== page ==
To help companies secure talent, the proposed legislation also includes measures that will uncap the existing U.S. advanced degree exemption, which currently is limited to 20,000 per year, assist families by allowing dependent spouses of H-1B visa holders to work in the U.S., and another proposal makes it easier for H-1B visa workers to change jobs.  

I would have liked to see the newly introduced legislation apply an expiration date on H-1B visas, which I think should last for three years. Before the visa expires an H-1B visa holder, who is authorized to work on a temporary basis, should be allowed to apply for a Green Card, which gives them authorization to live and work in the U.S. on a permanent basis and will speed up the day when these highly skilled workers can become U.S. citizens. Currently, H-1B visas can last as long as six years, and it is often the case that it can take more than a decade before these workers become U.S. citizens.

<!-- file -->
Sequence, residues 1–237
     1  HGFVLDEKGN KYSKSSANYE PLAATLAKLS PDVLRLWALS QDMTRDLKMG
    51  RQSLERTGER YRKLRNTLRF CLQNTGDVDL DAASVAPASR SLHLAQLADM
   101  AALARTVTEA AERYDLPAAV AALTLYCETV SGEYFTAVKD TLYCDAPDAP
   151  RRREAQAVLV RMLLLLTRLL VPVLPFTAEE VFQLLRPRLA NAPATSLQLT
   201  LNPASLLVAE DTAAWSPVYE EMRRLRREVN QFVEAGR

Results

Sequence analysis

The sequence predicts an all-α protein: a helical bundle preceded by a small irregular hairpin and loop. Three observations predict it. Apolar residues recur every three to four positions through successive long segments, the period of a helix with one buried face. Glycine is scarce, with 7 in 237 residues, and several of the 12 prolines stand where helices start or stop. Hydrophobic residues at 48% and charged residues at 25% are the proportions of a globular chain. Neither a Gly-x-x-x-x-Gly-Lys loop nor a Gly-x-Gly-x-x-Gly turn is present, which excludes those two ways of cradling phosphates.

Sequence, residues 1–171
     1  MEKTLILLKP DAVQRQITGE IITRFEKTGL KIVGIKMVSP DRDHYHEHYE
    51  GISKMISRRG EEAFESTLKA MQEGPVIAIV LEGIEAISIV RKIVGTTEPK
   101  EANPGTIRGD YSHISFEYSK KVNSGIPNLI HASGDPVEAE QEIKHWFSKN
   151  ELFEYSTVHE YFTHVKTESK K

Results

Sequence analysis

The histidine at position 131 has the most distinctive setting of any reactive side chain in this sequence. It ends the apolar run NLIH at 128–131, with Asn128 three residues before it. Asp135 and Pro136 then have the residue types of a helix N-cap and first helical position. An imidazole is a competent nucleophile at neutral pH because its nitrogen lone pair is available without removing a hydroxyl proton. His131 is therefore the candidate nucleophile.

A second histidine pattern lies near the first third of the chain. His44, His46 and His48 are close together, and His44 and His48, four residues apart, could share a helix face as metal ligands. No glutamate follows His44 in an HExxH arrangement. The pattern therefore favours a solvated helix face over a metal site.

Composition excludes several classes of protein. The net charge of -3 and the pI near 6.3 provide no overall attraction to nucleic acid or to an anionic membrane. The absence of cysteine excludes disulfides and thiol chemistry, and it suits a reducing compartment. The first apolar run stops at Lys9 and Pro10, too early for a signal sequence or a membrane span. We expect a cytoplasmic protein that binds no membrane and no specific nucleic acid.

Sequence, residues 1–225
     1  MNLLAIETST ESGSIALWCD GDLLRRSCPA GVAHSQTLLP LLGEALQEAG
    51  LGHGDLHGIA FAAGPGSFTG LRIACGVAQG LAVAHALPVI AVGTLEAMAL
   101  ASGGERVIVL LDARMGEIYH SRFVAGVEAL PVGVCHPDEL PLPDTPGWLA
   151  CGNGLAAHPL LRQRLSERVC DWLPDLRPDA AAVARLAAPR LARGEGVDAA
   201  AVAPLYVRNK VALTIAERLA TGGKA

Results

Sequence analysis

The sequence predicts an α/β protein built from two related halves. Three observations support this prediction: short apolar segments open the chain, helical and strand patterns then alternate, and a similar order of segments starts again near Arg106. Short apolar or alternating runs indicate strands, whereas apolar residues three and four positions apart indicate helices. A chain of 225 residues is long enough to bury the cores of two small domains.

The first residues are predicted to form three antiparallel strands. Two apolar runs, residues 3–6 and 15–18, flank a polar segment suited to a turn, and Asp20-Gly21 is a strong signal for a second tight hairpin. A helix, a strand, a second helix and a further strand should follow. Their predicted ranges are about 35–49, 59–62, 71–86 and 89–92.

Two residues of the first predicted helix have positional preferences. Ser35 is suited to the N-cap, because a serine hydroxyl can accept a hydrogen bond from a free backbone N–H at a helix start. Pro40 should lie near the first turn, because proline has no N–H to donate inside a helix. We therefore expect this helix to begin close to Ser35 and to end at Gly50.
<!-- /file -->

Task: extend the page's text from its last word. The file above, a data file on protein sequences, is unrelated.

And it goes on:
Over the years the H-1B visa has garnered strong support from leaders in the high-tech sector. Companies like Cisco Systems Inc., Intel Corp., Apple Inc., and Microsoft Corp., have used the program to hire skilled workers from China, India and other nations as a way, they say, to boost their competitive advantage. For supply chain networks, STEM skills are needed to design and develop computer hardware and software, advance chip development, run computers on the factory floor, and formulate mathematical computations that go into forecasting, financial projections, and other tasks critical to supply chain planning. Furthermore, high-tech leaders say the program helps them meet the shortage of STEM skills in the U.S., the result of a failing American education system that hasn't churned out enough STEM educated workers to meet the demands of a job market that requires these skills.